PUPT-2191

hep-th/0602011

Beyond Space-Time

A.M. Polyakov

Joseph Henry Laboratories

Princeton University

Princeton, New Jersey 08544

Abstract

These notes, based on the remarks made at the 23 Solvay Conference, collect several speculative ideas concerning gauge/ strings duality, de Sitter spaces,dimensionality and the cosmological constant

February 2006

Let me begin with some general views. In fundamental physics we invent dynamical mechanisms, based on the first principles, like the Higgs mechanism, and construct models, based on these mechanisms. In the case of the standard model this path led to a tremendous success. Finding the right mechanisms may be easier than constructing a detailed model. For example, the Yang-Mills theory was at first misapplied to describe the rho mesons, and only ten years later found its right place in QCD. This is a kind of danger we should be aware of.

Another danger is to get distracted by non-dynamical anthropic arguments, which recently acquired some popularity. I find the anthropic principle irrelevant. It is unlikely to uncover fundamental ideas and equations governing the universe. But, in spite of these misanthropic remarks, I believe that in special cases anthropic arguments may be appropriate.

In what follows I shall briefly describe various mechanisms operating in and around string theory. This theory provides a novel view of space-time. I would compare it with the view of heat provided by statistical mechanics. At the first stage the word ”heat” describes our feelings. At the second we try to quantify it by using equations of thermodynamics. And finally comes an astonishing hypothesis that heat is a reflection of molecular disorder. This is encoded in one of the most fascinating relations ever, the Boltzmann relation between entropy and probability.

Similar stages can be discerned in string theory. The first is of course the perception of space-time. The second is its description using the Einstein equations. The third is perhaps a possibility to describe quantum space-time by the boundary gauge theory. Let us discuss in more details our limited but important knowledge of the gauge/string correspondence.

## 1 Gauge /String correspondence

It consists of several steps. First we try to describe the dynamics of a non-abelian flux line by some string theory. That means, among other things that the Wilson loop must be represented as a sum over 2d random surfaces immersed in the flat 4d space-time and bounded by the contour Surprisingly, strings in 4d behave as if they are living in the 5d space, the fifth (Liouville) dimension being a result of quantum fluctuations[1] . More detailed analyses shows that while the 4d space is flat, the 5d must be warped with the metric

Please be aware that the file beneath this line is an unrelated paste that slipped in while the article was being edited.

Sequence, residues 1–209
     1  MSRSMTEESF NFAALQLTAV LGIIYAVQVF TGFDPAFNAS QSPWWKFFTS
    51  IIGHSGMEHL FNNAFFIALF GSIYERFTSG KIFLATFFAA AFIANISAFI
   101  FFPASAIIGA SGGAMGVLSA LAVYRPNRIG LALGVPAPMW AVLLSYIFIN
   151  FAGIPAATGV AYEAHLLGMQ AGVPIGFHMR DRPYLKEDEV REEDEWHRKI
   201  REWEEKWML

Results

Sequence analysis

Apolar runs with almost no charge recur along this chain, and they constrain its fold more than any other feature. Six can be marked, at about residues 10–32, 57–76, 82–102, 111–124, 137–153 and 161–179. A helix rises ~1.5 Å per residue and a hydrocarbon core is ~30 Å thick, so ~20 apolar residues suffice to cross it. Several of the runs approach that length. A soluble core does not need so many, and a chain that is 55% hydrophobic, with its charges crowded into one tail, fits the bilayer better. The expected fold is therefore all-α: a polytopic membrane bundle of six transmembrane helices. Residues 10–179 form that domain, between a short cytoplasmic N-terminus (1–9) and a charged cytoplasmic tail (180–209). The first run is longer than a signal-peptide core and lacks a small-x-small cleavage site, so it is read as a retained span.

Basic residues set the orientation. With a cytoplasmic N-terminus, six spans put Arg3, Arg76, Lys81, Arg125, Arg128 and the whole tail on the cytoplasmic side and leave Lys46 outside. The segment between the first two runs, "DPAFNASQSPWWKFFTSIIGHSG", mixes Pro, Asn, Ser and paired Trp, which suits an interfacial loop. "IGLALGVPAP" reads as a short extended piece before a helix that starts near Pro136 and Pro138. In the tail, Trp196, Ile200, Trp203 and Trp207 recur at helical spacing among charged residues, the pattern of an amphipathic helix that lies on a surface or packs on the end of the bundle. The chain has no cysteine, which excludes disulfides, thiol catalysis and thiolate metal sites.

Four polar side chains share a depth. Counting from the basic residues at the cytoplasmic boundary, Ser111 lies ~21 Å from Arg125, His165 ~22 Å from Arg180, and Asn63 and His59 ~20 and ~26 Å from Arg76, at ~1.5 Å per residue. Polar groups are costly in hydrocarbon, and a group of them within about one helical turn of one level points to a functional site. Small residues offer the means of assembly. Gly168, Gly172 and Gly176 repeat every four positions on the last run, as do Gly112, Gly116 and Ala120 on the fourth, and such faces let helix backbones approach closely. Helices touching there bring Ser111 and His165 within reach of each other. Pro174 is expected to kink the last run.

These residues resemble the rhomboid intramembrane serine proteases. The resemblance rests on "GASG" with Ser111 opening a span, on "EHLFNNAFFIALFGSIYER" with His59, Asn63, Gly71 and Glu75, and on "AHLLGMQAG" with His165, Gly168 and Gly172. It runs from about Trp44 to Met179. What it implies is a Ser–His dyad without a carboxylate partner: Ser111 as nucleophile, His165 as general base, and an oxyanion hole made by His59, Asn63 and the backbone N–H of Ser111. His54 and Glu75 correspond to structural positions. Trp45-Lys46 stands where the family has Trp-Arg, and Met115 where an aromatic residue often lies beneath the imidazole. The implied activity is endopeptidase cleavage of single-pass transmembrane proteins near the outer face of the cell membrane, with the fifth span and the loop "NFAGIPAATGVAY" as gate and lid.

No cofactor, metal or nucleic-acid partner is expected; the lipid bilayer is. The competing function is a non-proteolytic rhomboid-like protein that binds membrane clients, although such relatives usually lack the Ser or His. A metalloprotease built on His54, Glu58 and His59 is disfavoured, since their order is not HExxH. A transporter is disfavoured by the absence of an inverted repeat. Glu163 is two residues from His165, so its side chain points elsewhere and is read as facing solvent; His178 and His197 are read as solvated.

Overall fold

(1) |

where the scale factor must be determined from the condition of conformal symmetry on the world sheet [2]. This is the right habitat for the gauge theory strings. If the gauge theory is conformally invariant (having a zero beta function) the isometries of the metric must form a conformal group. This happens for the space of constant negative curvature, [3]. The precise meaning of the gauge/strings correspondence [4],[5] is that there is an isomorphism between the single trace operators of a gauge theory, e.g. and the on-shell vertex operators of the string, propagating in the above background. In other words, the matrix of a string in the 5d warped space is equal to a correlator of a gauge theory in the flat 4d space. The Yang -Mills equations of motion imply that the single trace operators containing are equal to zero. On the string theory side it corresponds to the null vectors of the Virasoro algebra, leading to the linear relations between the vertex operators. If we pass to the generating functional of the various Yang- Mills operators, we can encode the above relation in the formula

(2) |

Here at the left hand side we have the ”wave function of everything” (WOE). It is obtained as a functional integral over 5d geometries with the metric , where satisfying asymptotic condition at infinity It differs from the ”wave function of the universe ” by Hartle and Hawking only by the factor. On the right side we have an expression defined in terms of the Yang- Mills only, being its energy- momentum tensor. The dots stand for the various string fields which are not shown explicitly. An interesting unsolved problem is to find the wave equation satisfied by It is not the Wheeler -de Witt equation. The experience with the loop equations of QCD tells us that the general structure of the wave equation must be as following

(3) |

where is some analogue of the loop Laplacian and the star product is yet to be defined. This conjectured non-linearity may lead to the existence of soliton-like WOE-s.

The formula (2 ) , like the Boltzmann formula, is relating objects of very different nature. This formula has been confirmed in various limiting cases in which either LHS or RHS or both can be calculated. I suspect that, like with the Boltzmann formula, its true meaning will still be discussed a hundred years from now.

## 2 de Sitter Space and Dyson’s instability

Above we discussed the gauge/ strings duality for the geometries which asymptotically have negative curvature. What happens in the de Sitter case ? It is not very clear. There have been a number of attempts to understand it [6]. We will try here a different approach. It doesn’t solve the problem, but perhaps gives a sense of the right direction.

Let us begin with the 2d model, the Liouville theory. Its partition function is given by

(4) |

For large (the Liouville central charge) one can use the classical approximation. The classical solution with positive describes the AdS space with the scalar curvature -By the use of various methods [7] one can find an exact answer for the partition function, where In order to go to the de Sitter space we have to change Then the partition function acquires an imaginary part, . It seems natural to assume that the imaginary part of the Euclidean partition function means that the de Sitter space is intrinsically unstable. This instability perhaps means that due to the Gibbons -Hawking temperature of this space it ”evaporates” like a simple black hole. In the latter its mass decreases with time, in the de-Sitter space it is the cosmological constant. If we define the Gibbons- Hawking entropy in the usual way, we find another tantalizing relation, which holds in the classical limit, Its natural interpretation is that the decay rate of the dS space is proportional to the number of states, but it is still a speculation, since the precise meaning of the entropy is not clear. For further progress the euclidean field theory, used above, is inadequate and must be replaced with the Schwinger- Keldysh methods.